december 2004, london
i had wanted, and promised, to visit giovanni in london several times this year, mostly around mid-to-late summer, but for various reasons (mostly my lack of proper decision-making, very inappropriate in a supposed adult), it hadn't happened, but finally in early december, i had one last little reason to do so, namely the prospect of hanging out for a day or two at a computer graphics festival called the cgi festival. more about this towards the bottom.
giovanni has worked in london for about a year now, but according to his own description, has not really settled down there yet. he likes his job somewhat, but doesn't get along with everyone at work. specifically, there is one particular colleague who is more ambitious than he knows what to do with, without the required talent to justify this. the kind of person who should just adjust to spending the rest of his life behind the same desk, without really getting anywhere or having any more than he currently has, miserable, insecure with his various (in)abilities, frustrated with his nagging wife, the screaming kids, his small petrol-guzzling car, and the unsatifying mistress who he only doesn't get rid of because she threatens to tell his wife and his boss, something which on second thought would probably only improve his life.
a second reason for not feeling at home has to be london itself. cold, damp, miserable weather most of the year, insane living costs, racial tension, realitively high violence levels, sour-faced overcrowdedness, the long list of disadvantages goes on. for me, i have to add one more, very important, problem: the whole 5 days i was there, and i did walk rather a lot through various mixed areas, i saw not a single playground, not a single toy store, and just a few, bratty, spoiled children at the natural history museum, who proceeded to tear down several of the dinosaur skeletons, and lay around on the floor faking fear in the earthquake simulator. london is not a place i could consider living with a child in my wildest imagination, unless i have dreamt the whole thing, and london is really a tropical paradise with overjoyed inhabitants and low, low rents for beautiful large apartments in safe, child-friendly neighbourhoods.
giovanni and i had a great time though, and even met our friend rob b.
who is usually so busy that he doesn't have time to say "i'm busy", but
just says "i'm b", with the "b" simply being pronounced as the first letter
of the word "busy", with the rest missing in action. unfortunately i was in
london for too short a time to visit either other friends there, or my
slightly scattered family.
but i am getting ahead of myself. after a short flight, only made slightly uncomfortable by the exceedingly short row-to-row distances in the typically cheap ryanair flight, and the ominous announcement just before takeoff that there would be a slight delay, due to the inability of the crew to start one of the engines, i arrived safe, kinked, and sound in stansted airport, some 75 minutes and a £24 (roundtrip) train-ride removed from london proper.
i took the stansted "express" and then switched to the tube, heading down to brixton where i found giovanni's apartment, and managed to enter, in spite of a missing doorbell. eventually i just phoned him and told him to open the front door...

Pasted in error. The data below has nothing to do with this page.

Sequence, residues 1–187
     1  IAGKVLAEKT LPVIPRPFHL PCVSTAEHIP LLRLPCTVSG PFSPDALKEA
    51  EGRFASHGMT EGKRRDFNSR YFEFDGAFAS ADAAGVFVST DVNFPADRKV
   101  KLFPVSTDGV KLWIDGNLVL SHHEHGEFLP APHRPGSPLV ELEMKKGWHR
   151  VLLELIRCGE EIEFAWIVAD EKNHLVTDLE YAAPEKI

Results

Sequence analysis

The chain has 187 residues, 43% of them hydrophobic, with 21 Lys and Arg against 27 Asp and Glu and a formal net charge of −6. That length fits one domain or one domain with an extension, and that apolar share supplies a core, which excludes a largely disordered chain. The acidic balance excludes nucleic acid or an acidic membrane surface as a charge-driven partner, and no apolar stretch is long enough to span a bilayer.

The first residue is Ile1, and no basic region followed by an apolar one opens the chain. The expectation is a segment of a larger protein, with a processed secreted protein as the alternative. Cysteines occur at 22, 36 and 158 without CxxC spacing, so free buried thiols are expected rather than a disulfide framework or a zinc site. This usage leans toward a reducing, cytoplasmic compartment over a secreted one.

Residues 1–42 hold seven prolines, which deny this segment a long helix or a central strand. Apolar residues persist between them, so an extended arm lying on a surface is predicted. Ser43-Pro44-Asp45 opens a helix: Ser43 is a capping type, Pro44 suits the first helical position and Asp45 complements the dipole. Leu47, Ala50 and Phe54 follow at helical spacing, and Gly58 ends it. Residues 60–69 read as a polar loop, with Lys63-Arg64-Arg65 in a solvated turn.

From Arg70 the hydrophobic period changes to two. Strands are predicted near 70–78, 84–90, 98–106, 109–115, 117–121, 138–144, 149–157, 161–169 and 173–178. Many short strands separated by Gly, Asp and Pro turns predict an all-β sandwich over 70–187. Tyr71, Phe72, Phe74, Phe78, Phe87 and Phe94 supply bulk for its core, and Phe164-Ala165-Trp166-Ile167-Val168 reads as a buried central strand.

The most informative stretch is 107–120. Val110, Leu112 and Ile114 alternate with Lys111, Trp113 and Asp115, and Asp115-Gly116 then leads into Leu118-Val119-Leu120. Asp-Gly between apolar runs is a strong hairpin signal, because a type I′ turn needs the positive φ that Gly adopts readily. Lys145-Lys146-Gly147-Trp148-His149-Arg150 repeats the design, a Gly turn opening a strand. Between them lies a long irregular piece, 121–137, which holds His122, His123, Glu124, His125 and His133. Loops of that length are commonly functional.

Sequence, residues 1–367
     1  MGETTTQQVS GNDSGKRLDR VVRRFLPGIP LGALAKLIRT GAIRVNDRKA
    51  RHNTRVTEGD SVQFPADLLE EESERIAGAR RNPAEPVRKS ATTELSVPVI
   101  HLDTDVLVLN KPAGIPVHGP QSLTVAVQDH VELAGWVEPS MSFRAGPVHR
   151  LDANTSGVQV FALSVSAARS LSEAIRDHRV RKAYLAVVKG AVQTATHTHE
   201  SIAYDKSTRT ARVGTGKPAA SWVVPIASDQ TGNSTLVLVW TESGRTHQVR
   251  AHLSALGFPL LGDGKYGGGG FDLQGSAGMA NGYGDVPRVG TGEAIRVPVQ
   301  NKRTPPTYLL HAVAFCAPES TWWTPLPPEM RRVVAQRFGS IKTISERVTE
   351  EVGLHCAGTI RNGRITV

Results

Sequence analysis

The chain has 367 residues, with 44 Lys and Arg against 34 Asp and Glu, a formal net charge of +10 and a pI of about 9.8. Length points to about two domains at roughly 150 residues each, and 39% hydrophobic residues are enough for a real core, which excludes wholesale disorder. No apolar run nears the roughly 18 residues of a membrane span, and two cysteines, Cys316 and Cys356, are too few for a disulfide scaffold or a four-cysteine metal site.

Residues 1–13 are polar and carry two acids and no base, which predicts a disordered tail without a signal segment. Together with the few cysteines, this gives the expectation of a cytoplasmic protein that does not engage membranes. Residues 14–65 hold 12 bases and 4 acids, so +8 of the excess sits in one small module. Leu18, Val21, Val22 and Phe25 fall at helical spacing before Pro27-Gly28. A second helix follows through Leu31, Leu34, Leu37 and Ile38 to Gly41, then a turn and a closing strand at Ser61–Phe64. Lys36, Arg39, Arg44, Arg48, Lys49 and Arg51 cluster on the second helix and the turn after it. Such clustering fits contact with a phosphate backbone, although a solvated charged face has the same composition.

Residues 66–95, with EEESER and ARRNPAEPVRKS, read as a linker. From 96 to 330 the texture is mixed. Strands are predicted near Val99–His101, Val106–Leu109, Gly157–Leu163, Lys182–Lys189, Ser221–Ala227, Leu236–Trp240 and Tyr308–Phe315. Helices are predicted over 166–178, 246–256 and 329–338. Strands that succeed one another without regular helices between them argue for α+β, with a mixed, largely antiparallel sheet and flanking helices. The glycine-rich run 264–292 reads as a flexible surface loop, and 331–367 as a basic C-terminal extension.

we chatted a bit, then hopped on a bus, direction city-centre, getting off by the parliament buildings and westminster abbey, faced by a grim churchill. i guess anyone would be grim faced with london weather year-round. we walked around a bit, past trafalgar square and later on, picadilly circus, and then returned home. this time of year, it gets dark about 16.00...
while we were at trafalgar square, we popped in to the national gallery, where giovanni had reserved entry to the raphael exhibition, which was truly excellent. they did a superb job collecting various interesting pieces from his entire career, and with the help of headphones, we were treated to a detailed, but interesting description of his life and work. my favorite was called, madonna of the pinks, a subdued but beautiful piece of work.
the next morning was a sunday, and we miraculously persuaded giovanni's old bialetti to make us a cup of coffee, in spite of the incredible build-up of a heat-defeating layer. i had to open it and look in to find this out, but the bottom piece is not ceramic, but metal! according to an informal survey of bialetti-style moca cookers, i am the only person on the face of the earth whose bialetti still resembles itself on the date of purchase. i have even seen some which were partially corroded away.
anyway, we once again took the tube, a typical escalator of which is seen here, and headed for the city centre once more, where we proceeded to walk fairly aimlessly around, taking pictures of whatever. i did want to see foster's swiss re building, so we went past there.
later on we met rob b. who suggested we visit camden market, which i have not seen before. an incredibly crowded place, which for london really says something, it is nonetheless interesting and if i had been there to shop, i am sure i would have ended up with a large bag of stuff to drag back. it was hard to find a seat in a restaurant though, but we eventually managed to find a good viet-thai place, if i recall correctly.